Kona Big Unit review£1,499.00

Skittish scandium sprinter

BikeRadar score3.5/5

The Kona Unit has been one of the UK’s most successful singlespeeds, so we were surprised to see that the original 26in-wheeled version has vanished in favour of two 29er options for 2009.

Ride & handling: Stiff and capable, but doesn't exploit its best 29er attributes

With an 80mm fork and superlight scandium frame, the Big Unit is designed for those with a competitive streak. Weight is reasonable for an off-the-peg 29er and while it takes a while to wind up, every pedal turn gives a direct link between you and the trail.

It charges along well, with impressive tracking accuracy from the stiff frame and taut rims. On even the trickiest lines the Unit never wavered, however hard we pushed it.

That said, it had a tendency to trip over its front wheel at slow speeds and made us more aware of the handling downsides of big wheels than other 29ers we've tested.  

The overall stiffness is obvious in general ride comfort. There’s a lot of shake and stutter coming through which undermines the enhanced traction and smoothness that 29ers are meant to be all about.

Kona big unit: kona big unit
Kona big unit: kona big unit

Frame: Scandium gives good blend of light weight and high performance

Kona is now into scandium big time across all its bikes where light weight and high performance make sense. Square section hydroformed tubes add torsional stiffness between the externally butted head tube and extended seat tube.

A big machined yoke with tubular brace keeps tyre clearance reasonable while slightly curved stays stop ankle knock. Big Allen-bolted sliding dropouts with screw adjusters and integrated brake mount take up chain slack. Full cable routing is kept for running gears, which is either useful or ugly depending on your singlemindedness.

Kona big unit: kona big unit
Kona big unit: kona big unit

Equipment: Good crankset and rims, but short-travel fork and cheap brakes let spec down

Bashguarded RaceFace Atlas cranks can take an inner ring if needed. Their stiffness helps turn the single Formula cog and the cassette design means easy swapping to other ratios.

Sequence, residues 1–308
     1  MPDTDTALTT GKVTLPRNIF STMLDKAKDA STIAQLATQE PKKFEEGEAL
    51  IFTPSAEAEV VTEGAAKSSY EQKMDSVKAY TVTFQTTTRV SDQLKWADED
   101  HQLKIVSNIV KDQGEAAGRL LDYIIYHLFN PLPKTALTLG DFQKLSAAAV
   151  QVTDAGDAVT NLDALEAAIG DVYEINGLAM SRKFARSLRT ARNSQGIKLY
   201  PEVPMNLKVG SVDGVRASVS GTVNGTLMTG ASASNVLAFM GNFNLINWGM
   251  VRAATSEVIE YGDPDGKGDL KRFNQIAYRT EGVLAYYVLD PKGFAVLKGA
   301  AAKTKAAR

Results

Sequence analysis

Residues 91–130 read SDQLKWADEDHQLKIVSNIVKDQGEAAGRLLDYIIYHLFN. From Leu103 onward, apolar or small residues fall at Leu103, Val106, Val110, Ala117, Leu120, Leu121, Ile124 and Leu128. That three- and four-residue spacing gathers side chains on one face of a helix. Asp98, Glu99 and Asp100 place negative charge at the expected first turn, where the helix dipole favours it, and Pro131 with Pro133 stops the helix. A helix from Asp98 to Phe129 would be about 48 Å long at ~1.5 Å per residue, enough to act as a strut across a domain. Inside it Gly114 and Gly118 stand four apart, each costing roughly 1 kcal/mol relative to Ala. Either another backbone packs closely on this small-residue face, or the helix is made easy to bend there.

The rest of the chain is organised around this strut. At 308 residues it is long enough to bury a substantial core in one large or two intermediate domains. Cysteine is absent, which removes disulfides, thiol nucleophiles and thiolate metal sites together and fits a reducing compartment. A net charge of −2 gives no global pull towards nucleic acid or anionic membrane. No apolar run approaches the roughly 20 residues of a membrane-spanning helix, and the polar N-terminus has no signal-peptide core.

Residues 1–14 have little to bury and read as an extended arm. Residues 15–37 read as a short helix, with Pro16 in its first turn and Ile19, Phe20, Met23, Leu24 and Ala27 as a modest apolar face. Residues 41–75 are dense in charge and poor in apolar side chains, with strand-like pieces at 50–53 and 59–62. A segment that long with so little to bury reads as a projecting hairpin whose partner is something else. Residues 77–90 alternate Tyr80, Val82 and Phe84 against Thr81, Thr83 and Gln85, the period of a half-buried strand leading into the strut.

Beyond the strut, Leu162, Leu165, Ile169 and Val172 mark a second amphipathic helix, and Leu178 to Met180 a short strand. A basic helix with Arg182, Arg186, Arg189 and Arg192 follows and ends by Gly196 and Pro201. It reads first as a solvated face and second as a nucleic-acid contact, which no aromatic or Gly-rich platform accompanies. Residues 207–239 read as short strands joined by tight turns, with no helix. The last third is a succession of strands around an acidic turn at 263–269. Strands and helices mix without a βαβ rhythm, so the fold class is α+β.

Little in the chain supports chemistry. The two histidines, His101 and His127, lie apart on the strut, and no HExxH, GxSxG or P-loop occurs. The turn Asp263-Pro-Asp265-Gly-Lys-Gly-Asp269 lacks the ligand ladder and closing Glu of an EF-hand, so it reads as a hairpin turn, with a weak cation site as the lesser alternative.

Other kit is high-quality too, with tough Mavic 719 29er rims surviving some tyre-splitting impacts and Maxxis rubber giving good all-round performance. Low rise Kona bars give plenty of leverage on the climbs too.

Despite typically excellent Fox control, the 80mm fork offers 20mm less travel than we would expect (and recommend) for a bike of this type. The Shimano brakes look and feel cheap on a £1,500 bike too.

Fine fox forks, but is 80mm enough travel?: fine fox forks, but is 80mm enough travel?
Fine fox forks, but is 80mm enough travel?: fine fox forks, but is 80mm enough travel?

Guy Kesteven

Freelance Writer, UK
Guy started filling his brain with cycle stats and steaming up bike shop windows back in 1980. He worked the other side of those windows from '89 while getting a degree in “describing broken things covered in mud" (archaeology). Dug historical holes in the ground through the early '90s, then became a pro bike tester in '97. Guy has ridden thousands of bikes and even more components the world over since then and can remember them all in vivid, haunting detail. Can't remember where the car keys are, though.
  • Age: 45
  • Height: 180cm / 5' 11"
  • Weight: 68kg / 150lb
  • Waist: 76cm / 30in
  • Chest: 91cm / 36in
  • Discipline: Strict sadomasochist
  • Preferred Terrain: Technical off-piste singletrack and twisted back roads. Up, down, along — so long as it's faster than the last time he did it he's happy.
  • Current Bikes: An ever changing herd of test machines from Tri bikes to fat bikes and everything in between.
  • Dream Bike: His Nicolai Helius AM custom tandem
  • Beer of Choice: Theakston's Old Peculier (not Peculiar)
  • Location: Yorkshire, UK

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